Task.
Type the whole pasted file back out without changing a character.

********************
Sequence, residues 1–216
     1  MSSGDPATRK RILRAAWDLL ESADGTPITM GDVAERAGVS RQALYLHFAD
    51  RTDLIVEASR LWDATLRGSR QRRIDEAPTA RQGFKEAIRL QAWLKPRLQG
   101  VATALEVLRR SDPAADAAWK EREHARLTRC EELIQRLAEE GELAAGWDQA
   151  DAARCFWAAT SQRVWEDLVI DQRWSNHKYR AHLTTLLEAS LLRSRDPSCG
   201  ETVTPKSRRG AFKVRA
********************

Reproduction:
Sequence, residues 1–216
     1  MSSGDPATRK RILRAAWDLL ESADGTPITM GDVAERAGVS RQALYLHFAD
    51  RTDLIVEASR LWDATLRGSR QRRIDEAPTA RQGFKEAIRL QAWLKPRLQG
   101  VATALEVLRR SDPAADAAWK EREHARLTRC EELIQRLAEE GELAAGWDQA
   151  DAARCFWAAT SQRVWEDLVI DQRWSNHKYR AHLTTLLEAS LLRSRDPSCG
   201  ETVTPKSRRG AFKVRA